With a leased solar system if you are required to sell your home with the lease in place then that will hurt the value of your home as many homebuyers don’t want to get stuck with a lease for solar equipment they know nothing about or because it is older solar equipment and outdated.  As a result leased solar systems may not be in the homeowner’s best interest if they don’t plan on staying in the home for at least the length of the lease term. 

Where a loan was obtained to buy the solar power system that loan will need to be paid off upon sale of the home in order to clear any liens that may be part of the loan.  Solar power loans are generally not assumable which means the loan cannot be transferred to a home buyer.  A loan to buy a solar power system may make sense with the available tax credits and potential increase in value of a home

Bottom Line

A solar power system makes sense for homeowners with plenty of sunlight exposure and who plan on bottom line signstaying in the house for some time since over that period of time they should recover their investment  through savings on their energy bill.   Solar power systems can boost the value of a home over the short term but with solar panel technology advances an older solar power system could actually drag down the home value in the future.  Leasing a solar power system does not make sense and will hurt a homeowners chances of selling their home while the lease contract is in place.

Additional Resources

About the author: The above article “Should I Install Solar Panels On My House?” was provided by Paul Sian. Paul can be reached at paul.sian@herrealtors.com or by phone at 513-560-8002. With over 10+ years experience, if you’re thinking of selling or buying, I would love to share my marketing knowledge and expertise.

I service the following Greater Cincinnati, OH and Northern KY areas: Alexandria, Amberly, Amelia, Anderson Township, Cincinnati, Batavia, Blue Ash, Covington, Edgewood, Florence, Fort Mitchell, Fort Thomas, Hebron, Hyde Park, Indian Hill, Kenwood, Madeira, Mariemont, Milford, Montgomery, Mt. Washington, Newport, Newtown, Norwood, Taylor Mill, Terrace Park, Union Township, and Villa Hills.

Discussion

#1 By Tom Halder at 4/27/2017 2:00 PM

Excellent and informative article!!! I have shared every point of this article with prospective purchasers (and lessees) of solar panels over the years, EXCEPT the obsolescence factor.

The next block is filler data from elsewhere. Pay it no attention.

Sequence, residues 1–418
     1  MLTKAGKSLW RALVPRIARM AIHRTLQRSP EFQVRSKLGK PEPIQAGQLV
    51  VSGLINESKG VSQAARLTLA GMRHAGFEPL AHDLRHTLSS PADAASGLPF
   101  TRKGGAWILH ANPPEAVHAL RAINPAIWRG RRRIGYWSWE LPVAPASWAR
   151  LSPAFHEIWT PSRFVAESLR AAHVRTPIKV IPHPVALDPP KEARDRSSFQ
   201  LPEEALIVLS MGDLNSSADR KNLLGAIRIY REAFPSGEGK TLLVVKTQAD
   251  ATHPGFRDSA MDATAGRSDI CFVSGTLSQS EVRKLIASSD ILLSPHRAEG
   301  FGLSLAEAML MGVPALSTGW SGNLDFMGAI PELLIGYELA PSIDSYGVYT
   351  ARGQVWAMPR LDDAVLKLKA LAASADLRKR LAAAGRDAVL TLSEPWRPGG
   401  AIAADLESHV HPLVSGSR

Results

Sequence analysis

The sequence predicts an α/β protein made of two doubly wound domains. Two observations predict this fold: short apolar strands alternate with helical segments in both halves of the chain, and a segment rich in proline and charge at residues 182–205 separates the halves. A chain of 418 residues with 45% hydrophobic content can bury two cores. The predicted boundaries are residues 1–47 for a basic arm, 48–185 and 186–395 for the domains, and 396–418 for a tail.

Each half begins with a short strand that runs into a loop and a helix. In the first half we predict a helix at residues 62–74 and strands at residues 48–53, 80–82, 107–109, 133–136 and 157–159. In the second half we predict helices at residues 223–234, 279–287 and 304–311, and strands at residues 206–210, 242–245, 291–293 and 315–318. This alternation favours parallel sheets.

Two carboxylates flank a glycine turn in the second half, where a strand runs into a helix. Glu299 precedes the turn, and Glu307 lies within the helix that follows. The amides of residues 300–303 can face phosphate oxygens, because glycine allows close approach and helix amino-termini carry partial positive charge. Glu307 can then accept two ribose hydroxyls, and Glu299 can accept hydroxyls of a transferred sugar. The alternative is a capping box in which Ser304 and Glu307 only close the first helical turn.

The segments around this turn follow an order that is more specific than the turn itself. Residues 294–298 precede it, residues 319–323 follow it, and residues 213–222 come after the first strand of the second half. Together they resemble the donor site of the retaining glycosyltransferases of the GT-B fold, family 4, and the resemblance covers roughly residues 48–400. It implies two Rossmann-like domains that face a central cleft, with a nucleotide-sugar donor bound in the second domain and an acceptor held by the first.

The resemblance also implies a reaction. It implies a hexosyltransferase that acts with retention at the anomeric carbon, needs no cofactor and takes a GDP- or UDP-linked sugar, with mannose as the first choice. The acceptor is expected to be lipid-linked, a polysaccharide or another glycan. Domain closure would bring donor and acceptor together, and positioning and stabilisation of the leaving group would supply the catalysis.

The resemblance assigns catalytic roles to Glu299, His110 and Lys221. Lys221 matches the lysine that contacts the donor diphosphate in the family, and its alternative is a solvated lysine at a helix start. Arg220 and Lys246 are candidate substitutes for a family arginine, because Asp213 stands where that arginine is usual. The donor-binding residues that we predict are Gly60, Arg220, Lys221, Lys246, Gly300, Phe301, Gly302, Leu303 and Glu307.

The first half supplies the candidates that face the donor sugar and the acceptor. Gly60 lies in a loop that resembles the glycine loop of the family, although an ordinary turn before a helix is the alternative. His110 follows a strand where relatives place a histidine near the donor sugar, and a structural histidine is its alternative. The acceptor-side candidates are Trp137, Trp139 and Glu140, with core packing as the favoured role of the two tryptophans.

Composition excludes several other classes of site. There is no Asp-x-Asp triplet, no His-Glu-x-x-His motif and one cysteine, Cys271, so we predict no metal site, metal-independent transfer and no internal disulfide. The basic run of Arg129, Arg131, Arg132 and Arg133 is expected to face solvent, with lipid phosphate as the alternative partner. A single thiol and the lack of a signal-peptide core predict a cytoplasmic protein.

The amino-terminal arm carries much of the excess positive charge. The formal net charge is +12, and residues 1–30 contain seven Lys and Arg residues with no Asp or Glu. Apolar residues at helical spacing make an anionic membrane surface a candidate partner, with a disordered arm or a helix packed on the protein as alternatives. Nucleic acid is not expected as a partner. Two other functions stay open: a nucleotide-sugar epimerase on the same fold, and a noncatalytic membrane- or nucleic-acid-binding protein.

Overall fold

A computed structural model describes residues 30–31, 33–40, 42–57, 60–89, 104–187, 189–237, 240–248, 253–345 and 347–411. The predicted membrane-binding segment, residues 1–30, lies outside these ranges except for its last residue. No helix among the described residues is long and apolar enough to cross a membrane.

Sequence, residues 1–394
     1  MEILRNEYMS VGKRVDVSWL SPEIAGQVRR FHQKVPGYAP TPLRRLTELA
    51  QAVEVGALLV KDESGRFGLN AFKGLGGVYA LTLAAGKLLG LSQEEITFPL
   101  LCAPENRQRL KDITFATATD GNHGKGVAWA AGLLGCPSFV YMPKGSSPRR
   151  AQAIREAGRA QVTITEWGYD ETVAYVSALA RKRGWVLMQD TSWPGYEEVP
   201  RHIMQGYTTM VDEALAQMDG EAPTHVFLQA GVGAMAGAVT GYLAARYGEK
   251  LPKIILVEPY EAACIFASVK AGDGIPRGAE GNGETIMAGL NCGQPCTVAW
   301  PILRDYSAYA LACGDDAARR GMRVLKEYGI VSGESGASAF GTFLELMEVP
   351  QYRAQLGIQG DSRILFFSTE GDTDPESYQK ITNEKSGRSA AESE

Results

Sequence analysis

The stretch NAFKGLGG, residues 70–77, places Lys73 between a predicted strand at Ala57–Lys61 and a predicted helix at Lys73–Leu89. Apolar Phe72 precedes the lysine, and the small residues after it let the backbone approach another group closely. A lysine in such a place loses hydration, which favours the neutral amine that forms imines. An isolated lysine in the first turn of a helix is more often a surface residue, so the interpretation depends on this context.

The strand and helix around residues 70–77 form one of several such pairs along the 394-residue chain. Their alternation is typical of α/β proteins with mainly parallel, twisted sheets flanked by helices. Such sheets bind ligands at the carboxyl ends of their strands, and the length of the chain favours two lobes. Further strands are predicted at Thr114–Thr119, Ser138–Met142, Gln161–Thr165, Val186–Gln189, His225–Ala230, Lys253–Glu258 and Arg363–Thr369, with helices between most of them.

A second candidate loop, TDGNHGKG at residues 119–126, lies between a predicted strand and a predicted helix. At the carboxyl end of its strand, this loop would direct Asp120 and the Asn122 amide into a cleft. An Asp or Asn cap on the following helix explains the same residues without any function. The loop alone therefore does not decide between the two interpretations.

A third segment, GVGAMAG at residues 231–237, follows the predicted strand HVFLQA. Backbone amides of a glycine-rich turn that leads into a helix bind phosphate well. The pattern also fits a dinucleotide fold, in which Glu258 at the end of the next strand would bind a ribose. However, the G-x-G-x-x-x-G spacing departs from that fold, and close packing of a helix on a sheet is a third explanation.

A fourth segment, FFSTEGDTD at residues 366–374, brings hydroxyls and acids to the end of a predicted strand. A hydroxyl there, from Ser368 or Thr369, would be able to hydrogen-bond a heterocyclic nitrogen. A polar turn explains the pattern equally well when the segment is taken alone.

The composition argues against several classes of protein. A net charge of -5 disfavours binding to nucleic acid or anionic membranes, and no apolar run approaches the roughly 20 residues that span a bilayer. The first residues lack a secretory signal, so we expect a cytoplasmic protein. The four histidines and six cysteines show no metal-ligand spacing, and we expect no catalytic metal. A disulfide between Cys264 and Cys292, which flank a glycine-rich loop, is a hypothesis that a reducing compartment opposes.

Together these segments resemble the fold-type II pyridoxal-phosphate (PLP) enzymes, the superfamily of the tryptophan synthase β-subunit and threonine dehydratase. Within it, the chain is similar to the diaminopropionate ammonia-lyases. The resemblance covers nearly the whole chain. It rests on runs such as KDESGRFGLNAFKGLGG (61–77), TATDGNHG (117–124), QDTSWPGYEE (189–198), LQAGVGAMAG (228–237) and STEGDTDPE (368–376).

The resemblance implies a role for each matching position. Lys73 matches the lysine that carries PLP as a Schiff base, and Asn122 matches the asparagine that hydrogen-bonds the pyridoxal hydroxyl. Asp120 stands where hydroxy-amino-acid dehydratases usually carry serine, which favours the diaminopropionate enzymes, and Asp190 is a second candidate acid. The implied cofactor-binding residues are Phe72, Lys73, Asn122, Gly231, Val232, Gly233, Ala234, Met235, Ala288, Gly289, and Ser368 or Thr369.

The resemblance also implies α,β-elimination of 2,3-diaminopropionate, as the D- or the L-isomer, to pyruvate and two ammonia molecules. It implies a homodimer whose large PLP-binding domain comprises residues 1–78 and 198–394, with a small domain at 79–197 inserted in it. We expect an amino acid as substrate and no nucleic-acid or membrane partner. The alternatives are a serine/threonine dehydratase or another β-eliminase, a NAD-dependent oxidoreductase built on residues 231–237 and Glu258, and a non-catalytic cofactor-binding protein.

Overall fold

Thank you for articulately explaining that piece of the puzzle. I will be sure to also include that information in future conversations with my clients.

I have especially tried to turn people away from the leases (most often to avail) explaining there is little to no measurable financial incentive, only a "green energy" incentive, as well as a major detriment to any sale of the house during the remaining term of the lease. (Even more so now that I factor in the newly realized obsolescence info.)

#2 By Jeff Herriman at 4/28/2017 8:16 AM

These are all great articles however the basic economics are not addressed. In San Diego a quote of $30,000 to install the system (buy outright) my savings $170/month, or $2040/year. So my pay off time (30K/2040) is 14.71 years. With energy prices going up the pay off time increases. Panels at this time loose efficiency yearly with a replacement time of approximately 10 yrs. So I need a new system before I have paid off the first one! Note: because of these figures two local companies have suggested the lease option. However, I am not sure they will be in business in 10 years when replacement panels have to be installed on their nickel. Food for thought.

#3 By Paul at 8/1/2017 7:18 AM

Thanks for your comments Tom and Jeff. Jeff I am not sure how payoff time increases when energy prices increase? In fact it should do just the opposite. With higher energy costs a homeowner with solar panels will save more money on their electric bill resulting in a faster payoff.